Cop Out (2010)

4.0 Overall Score
Story: 4/10
Acting: 5/10
Visuals: 4/10

The story isn't always predictable

Completely generic comedy-action picture, no fun

Movie Info

Movie Name:  Cop-Out

Studio:  Marc Platt Productions

Genre(s):  Comedy/Action

Release Date(s):  February 26, 2010

MPAA Rating:  R


This scene is funny because I’m dressed like a phone…right?

Detective Jimmy Monroe (Bruce Willis) needs cash fast.  His daughter Ava (Michelle Trachtenberg) is getting married and he wants to pay for the wedding.  This means selling his prize 1952 Andy Pafko baseball card.  Disaster strikes when Monroe is robbed at the deal by a thief named Dave (Seann William Scott), and Monroe must get the card back.  Teamed with his longtime partner Paul Hodges (Tracy Morgan), Monroe gets even worst news:  the card has been given to kingpin drug dealer Poh Boy (Guillermo Diaz).  Poh Boy refuses to give the card back and Monroe and Hodges might have to get a bit dirty if they hope to retrieve the card.


Seriously guys, this movie needs some life…maybe I can add it

Directed by Kevin Smith, Cop Out has the distinction of being the first film directed by Smith that he didn’t write.  The movie was ravaged by critics, and Smith came forward saying that he couldn’t work with Bruce Willis with Willis accusing him of smoking too much marijuana on set.  The movie made a small profit at the box office.

I can’t say that I was excited to see Cop Out.  The buddy-cops genre has been played out and it has been played out in much better style.  I was pretty dead on in my pre-assessment of the movie though I tried to not let it influence me.  Cop Out was a real bore.

The story doesn’t always go where you expect it go, but the writing and characters are so lazy that you


Let’s have a dull shootout!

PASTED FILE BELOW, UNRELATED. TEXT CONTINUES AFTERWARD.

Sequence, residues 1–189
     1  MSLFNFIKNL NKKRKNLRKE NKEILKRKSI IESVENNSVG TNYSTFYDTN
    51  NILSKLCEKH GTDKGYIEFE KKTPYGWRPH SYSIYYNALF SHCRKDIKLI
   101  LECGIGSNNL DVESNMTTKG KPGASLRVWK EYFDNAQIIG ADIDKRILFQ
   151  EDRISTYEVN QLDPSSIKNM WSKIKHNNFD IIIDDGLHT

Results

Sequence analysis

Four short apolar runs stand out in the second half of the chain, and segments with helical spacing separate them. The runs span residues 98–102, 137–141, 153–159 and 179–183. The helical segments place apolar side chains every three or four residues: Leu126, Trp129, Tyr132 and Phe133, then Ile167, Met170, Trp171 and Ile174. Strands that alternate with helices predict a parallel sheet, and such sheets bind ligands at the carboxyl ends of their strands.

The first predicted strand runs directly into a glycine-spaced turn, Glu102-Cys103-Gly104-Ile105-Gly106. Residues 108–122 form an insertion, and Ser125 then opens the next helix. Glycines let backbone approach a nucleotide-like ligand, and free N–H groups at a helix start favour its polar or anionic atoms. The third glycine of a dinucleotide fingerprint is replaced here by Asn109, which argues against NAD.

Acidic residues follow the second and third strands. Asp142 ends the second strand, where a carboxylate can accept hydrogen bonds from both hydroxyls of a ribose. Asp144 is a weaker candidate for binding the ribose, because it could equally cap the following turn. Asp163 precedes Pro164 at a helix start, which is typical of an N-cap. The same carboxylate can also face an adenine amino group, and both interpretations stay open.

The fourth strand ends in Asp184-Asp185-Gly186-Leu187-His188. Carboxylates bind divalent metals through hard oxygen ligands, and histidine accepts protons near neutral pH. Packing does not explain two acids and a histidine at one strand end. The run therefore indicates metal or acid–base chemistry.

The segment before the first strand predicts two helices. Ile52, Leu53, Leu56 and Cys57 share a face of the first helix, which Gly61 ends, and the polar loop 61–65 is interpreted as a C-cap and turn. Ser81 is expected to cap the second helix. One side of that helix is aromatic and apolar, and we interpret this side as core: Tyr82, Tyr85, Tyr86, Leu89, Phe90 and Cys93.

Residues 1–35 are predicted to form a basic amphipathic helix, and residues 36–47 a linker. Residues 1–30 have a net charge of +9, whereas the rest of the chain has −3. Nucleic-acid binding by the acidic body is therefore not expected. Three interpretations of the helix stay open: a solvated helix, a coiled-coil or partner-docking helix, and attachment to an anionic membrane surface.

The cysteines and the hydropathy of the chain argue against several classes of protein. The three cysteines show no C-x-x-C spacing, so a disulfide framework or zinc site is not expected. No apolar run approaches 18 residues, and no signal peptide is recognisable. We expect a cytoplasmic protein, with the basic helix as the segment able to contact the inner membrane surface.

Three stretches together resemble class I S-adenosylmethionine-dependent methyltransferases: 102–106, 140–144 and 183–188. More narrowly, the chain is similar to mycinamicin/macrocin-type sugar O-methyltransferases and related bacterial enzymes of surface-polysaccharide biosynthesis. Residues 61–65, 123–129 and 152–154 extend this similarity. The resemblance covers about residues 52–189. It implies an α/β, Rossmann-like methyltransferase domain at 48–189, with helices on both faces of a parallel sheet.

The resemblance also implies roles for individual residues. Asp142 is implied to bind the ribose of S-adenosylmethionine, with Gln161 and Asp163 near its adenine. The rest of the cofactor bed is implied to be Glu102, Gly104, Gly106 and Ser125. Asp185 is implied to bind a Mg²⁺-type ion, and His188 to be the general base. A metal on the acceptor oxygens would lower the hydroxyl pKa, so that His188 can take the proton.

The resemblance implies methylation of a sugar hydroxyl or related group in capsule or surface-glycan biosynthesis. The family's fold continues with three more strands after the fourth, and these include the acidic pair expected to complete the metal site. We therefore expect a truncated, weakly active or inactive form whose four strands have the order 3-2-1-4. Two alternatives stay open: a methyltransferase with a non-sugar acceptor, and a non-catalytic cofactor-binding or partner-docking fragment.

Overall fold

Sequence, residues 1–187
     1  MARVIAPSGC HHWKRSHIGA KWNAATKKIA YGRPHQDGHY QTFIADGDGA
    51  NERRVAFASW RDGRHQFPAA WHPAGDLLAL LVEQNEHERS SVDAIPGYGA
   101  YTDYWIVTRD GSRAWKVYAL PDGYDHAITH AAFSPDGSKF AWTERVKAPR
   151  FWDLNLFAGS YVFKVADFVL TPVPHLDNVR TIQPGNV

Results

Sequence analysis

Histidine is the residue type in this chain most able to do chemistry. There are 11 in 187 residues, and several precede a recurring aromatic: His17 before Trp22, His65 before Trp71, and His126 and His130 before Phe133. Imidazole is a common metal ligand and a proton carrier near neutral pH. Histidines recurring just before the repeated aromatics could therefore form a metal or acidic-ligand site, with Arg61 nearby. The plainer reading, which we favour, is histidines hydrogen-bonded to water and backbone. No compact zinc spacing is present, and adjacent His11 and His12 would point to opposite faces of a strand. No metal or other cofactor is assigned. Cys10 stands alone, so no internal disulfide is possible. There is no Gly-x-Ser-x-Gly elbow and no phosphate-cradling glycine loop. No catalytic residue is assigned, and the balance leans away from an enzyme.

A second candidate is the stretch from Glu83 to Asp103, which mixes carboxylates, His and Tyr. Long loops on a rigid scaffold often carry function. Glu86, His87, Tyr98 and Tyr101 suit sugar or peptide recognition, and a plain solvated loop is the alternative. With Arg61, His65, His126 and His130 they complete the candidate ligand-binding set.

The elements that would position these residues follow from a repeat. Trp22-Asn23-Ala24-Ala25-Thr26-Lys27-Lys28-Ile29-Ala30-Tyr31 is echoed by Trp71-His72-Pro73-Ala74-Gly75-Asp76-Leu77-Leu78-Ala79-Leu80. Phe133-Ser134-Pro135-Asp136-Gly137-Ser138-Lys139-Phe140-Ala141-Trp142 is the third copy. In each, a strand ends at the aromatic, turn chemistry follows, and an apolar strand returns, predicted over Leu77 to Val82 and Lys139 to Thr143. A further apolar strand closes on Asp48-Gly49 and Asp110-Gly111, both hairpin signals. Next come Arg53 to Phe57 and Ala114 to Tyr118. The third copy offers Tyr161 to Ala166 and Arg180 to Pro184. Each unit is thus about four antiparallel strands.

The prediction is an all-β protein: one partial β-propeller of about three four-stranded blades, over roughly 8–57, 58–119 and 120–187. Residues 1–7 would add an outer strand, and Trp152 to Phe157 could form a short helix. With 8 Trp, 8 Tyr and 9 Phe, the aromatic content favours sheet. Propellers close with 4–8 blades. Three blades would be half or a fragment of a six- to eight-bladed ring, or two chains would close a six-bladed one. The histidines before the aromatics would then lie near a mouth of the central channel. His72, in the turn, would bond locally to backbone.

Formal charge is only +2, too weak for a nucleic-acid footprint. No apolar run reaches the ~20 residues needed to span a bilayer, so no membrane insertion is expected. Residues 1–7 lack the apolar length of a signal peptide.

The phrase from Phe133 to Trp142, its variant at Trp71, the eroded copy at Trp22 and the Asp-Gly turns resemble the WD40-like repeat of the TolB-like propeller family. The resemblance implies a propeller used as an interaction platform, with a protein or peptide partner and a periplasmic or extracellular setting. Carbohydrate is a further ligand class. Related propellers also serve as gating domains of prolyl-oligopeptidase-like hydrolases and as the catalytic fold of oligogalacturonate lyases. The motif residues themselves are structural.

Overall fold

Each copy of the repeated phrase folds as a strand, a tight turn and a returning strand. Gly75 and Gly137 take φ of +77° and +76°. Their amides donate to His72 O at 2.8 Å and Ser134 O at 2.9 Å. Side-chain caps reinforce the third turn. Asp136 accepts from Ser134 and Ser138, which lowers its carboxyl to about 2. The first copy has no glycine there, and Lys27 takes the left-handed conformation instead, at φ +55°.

don’t really care.  Watching Cop Out feels like a chore, and it feels like the writers said “Let’s watch Lethal Weapon and 48 Hrs. and just use stuff that worked in those films”.  Instead of really playing with the format, the story is just rehash of other films…at least, the movie doesn’t use the “Morris has been assigned a new partner…and he’s crazy” story.

Willis just feels like he’s doing his normal gig and it doesn’t matter what movie he’s in.  He’s kind of John McClane in the movie, and it doesn’t feel like a distinctive character.  Morgan is a little more fun as Willis’ paranoid partner who believes his wife Rashida Jones is cheating on him.  With such generic characters, it would have been halfway amusing if there had been an almost James Bond-esque drug dealer leader or henchman, but Poh Boy (played by Guillermo Diaz) and his crew are also typical.  Seann William Scott is kind of fun, but doesn’t really fit into the story in a realistic way and Willis’ family also is underused along with the unnecessary “good cops” of Kevin Pollak and Adam Brody.


If you don’t talk I’m going to force you to watch this movie over and over again!!!

The movie not only is not very distinct as a film, but also doesn’t look very distinctive.  The shootouts and gunfights look like every gunfight you’ve seen.  Everything looks like it was shot by textbook.  The movie takes almost any potential fun out of all the scenes.

Cop Out has to be one of the most generic cop-buddy comedies I’ve seen.  It isn’t the worst movie you’ll ever see but you probably will forget it soon after you see it.  The movie is bloated and long and really has no spirit.  I can say that I couldn’t always guess where Cop Out was going to go, but I also didn’t particularly care.  After the failure Smith lashed out at critics (which generally serves no purpose other than sounding like a spoiled child…especially in this case when the movie is truly bad) and returned to his own writing for source with a horror/suspense film Red State in 2011.

Author: JPRoscoe View all posts by
Follow me on Twitter/Instagram/Letterboxd @JPRoscoe76! Loves all things pop-culture especially if it has a bit of a counter-culture twist. Plays video games (basically from the start when a neighbor brought home an Atari 2600), comic loving (for almost 30 years), and a true critic of movies. Enjoys the art house but also isn't afraid to let in one or two popular movies at the same time.

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